The Industrial Revolution brought advancements in textile manufacturing, allowing for the mass production of canvas and other fabrics. This made waxed canvas bedrolls more accessible to the general population.

Role in Exploration and Adventure:

Waxed canvas bedrolls became indispensable for explorers, adventurers, and frontiersmen who traversed rugged terrains and endured harsh weather conditions. They provided a portable and reliable shelter option for those on expeditions into the wilderness.

Modern Era:

In the modern era, waxed canvas bedrolls continue to be valued for their durability, classic aesthetic, and practicality. While synthetic materials have become prevalent in outdoor gear, waxed canvas remains a preferred choice for many outdoor enthusiasts, survivalists, and bushcraft practitioners due to its natural feel and rugged performance.

Contemporary Use:

Today, waxed canvas bedrolls are still used by campers, hikers, hunters, and others who appreciate their traditional charm and functionality. They are often combined with modern materials and design features to enhance performance while maintaining the timeless appeal of waxed canvas.

The history of waxed canvas bedrolls reflects the evolution of outdoor shelter and gear, highlighting the enduring appeal of simple yet effective solutions for sleeping outdoors in comfort and protection.

Let's Put It All Together... 

A sleeping system inside a bedroll typically consists of the components needed to ensure a comfortable and restful night's sleep outdoors. While the specific setup can vary based on personal preferences, climate conditions, and the type of bedroll being used, a typical sleeping system inside a bedroll may include:

Sleeping Pad or Mattress:

A sleeping pad or mattress provides insulation and cushioning between the sleeper and the ground. It helps prevent heat loss to the ground and adds comfort by providing a soft surface to sleep on.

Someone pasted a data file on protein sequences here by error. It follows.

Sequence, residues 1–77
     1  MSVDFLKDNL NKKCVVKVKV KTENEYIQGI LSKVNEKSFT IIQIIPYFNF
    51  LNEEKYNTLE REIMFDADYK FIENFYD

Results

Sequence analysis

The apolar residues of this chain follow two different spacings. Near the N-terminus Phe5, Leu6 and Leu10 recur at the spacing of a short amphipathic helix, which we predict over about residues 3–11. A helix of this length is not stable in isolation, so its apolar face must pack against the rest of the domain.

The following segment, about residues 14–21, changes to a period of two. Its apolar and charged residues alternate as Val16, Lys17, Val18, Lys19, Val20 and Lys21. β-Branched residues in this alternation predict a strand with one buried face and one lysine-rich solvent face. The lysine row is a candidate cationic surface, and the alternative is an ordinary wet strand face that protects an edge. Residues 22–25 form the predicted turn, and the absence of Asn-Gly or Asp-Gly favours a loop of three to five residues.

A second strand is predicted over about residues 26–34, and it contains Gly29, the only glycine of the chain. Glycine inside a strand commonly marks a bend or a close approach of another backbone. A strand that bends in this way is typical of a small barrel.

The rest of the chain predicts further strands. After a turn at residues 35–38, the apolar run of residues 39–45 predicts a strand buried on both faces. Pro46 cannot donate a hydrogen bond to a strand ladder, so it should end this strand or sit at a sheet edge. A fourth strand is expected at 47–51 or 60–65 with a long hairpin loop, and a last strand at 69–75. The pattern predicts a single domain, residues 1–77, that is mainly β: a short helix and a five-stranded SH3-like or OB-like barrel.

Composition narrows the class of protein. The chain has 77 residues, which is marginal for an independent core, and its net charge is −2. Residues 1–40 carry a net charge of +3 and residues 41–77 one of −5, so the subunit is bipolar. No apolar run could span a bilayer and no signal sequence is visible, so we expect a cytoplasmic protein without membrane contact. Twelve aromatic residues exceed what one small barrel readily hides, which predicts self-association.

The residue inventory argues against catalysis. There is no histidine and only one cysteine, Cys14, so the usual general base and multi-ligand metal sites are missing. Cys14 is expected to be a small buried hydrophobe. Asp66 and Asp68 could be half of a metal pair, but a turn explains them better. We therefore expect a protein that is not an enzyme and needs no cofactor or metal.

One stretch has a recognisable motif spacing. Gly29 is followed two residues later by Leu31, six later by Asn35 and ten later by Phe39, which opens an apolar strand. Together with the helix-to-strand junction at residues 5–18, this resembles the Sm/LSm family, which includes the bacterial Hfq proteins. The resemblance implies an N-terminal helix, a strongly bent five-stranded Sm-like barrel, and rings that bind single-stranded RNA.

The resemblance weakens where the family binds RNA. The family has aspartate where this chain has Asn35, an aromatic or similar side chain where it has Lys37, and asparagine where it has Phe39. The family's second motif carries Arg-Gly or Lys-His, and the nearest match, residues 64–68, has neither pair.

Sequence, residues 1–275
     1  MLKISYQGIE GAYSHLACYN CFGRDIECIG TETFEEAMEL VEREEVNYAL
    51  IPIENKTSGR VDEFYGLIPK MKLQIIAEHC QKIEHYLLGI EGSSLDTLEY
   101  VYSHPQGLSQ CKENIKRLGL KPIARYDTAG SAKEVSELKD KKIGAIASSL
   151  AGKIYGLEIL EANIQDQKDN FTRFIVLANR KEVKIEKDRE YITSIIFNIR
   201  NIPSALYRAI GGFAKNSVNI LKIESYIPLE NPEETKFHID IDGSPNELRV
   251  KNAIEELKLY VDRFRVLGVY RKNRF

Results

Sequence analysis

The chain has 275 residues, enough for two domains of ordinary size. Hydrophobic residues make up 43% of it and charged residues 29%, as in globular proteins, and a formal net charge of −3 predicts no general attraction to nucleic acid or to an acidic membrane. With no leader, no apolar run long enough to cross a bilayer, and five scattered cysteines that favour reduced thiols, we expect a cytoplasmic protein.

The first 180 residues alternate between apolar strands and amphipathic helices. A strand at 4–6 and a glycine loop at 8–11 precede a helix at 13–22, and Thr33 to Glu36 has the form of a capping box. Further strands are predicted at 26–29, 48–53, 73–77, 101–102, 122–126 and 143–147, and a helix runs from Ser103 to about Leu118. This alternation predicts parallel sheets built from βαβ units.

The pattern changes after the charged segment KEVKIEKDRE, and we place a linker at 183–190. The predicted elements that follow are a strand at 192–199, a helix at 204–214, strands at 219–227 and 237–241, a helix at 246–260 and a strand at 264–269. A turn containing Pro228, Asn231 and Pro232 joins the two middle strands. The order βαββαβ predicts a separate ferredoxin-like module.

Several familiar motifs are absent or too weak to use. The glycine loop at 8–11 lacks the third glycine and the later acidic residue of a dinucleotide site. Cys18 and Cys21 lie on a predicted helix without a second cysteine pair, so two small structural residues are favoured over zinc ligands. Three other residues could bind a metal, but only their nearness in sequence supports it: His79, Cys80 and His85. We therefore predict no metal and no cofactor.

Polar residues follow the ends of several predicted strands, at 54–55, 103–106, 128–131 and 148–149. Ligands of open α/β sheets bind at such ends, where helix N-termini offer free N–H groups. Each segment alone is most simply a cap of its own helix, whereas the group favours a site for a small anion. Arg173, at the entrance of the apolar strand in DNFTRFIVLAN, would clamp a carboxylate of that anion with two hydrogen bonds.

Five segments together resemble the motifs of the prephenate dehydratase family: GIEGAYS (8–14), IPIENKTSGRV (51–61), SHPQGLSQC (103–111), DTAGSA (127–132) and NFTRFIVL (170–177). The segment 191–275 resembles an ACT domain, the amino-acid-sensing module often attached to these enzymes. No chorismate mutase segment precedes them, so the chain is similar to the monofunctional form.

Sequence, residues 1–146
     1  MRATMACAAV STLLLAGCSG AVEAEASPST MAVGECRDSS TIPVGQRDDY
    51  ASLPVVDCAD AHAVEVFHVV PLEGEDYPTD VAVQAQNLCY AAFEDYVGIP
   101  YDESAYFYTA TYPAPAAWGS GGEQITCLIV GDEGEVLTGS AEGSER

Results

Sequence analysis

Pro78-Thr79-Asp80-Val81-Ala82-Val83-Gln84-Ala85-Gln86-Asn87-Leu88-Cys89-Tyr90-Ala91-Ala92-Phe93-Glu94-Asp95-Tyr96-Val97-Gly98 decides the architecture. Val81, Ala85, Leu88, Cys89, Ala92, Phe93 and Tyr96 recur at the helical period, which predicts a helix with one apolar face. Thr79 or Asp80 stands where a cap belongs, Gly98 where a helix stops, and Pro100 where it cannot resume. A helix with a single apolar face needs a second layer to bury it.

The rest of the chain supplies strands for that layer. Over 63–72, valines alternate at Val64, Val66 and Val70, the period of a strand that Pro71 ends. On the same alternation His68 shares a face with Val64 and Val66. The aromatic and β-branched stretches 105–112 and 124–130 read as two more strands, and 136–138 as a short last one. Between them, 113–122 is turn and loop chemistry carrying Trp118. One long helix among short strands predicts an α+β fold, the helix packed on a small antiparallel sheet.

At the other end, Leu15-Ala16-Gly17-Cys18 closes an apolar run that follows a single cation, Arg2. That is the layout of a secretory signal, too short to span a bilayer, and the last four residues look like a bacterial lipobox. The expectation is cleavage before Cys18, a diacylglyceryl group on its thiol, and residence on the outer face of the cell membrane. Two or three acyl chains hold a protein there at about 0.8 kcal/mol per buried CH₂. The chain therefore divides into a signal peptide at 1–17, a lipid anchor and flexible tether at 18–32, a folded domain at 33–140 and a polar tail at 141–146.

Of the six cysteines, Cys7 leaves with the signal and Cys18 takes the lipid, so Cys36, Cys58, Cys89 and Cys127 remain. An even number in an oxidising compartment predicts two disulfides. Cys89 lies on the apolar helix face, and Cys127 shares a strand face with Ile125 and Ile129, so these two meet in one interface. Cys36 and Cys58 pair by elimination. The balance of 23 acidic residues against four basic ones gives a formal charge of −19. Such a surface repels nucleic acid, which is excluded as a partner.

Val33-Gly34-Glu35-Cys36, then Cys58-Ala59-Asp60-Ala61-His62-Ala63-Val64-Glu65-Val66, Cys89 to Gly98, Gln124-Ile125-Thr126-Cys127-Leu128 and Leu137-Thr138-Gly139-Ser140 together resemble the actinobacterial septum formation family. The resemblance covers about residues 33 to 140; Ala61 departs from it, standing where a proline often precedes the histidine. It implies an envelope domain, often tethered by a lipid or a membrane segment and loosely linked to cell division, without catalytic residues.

Inflatable sleeping pads or foam camping mattresses are commonly used for their lightweight and packable nature. Some campers prefer self-inflating pads for the convenience they offer.

Sleeping Bag or Blanket:

A sleeping bag or blanket is essential for warmth, especially in colder climates or seasons. It traps heat close to the body and provides insulation against cold air.

Down-filled or synthetic sleeping bags are popular choices for their warmth-to-weight ratio and compressibility. Alternatively, some campers may opt for blankets or quilts, particularly in milder conditions.


A pillow or improvised pillow (such as a stuff sack filled with clothing) adds neck support and enhances overall comfort during sleep. It's a small but significant component of the sleeping system.

Additional Insulation (if needed):

In extremely cold conditions, additional insulation may be necessary to supplement the sleeping bag's warmth. This can include insulated jackets, vests, or even emergency blankets placed inside the sleeping bag.

Sleeping Bag Liner (optional):

A sleeping bag liner can add warmth to the sleeping system and also helps keep the sleeping bag clean. Liners are available in various materials, including silk, cotton, and synthetic fabrics.

Personal Items:

Personal items such as a headlamp, earplugs, and a book may also be included in the bedroll for convenience and entertainment during downtime.

Organizational Pouches or Compartments:

Some bedrolls come with built-in pockets or compartments for organizing small items like keys, phones, or toiletries.

Overall, a well-prepared sleeping system inside a bedroll enhances comfort, warmth, and overall enjoyment of outdoor adventures.

If you are looking for a high quality Wax Canvas Bedroll, Check out 17/90 Survivals Bedroll at an affordable price point and the highest level of quality you have nothing to lose and everything to gain. Preserve the life of your sleep system with a was canvas bedroll today!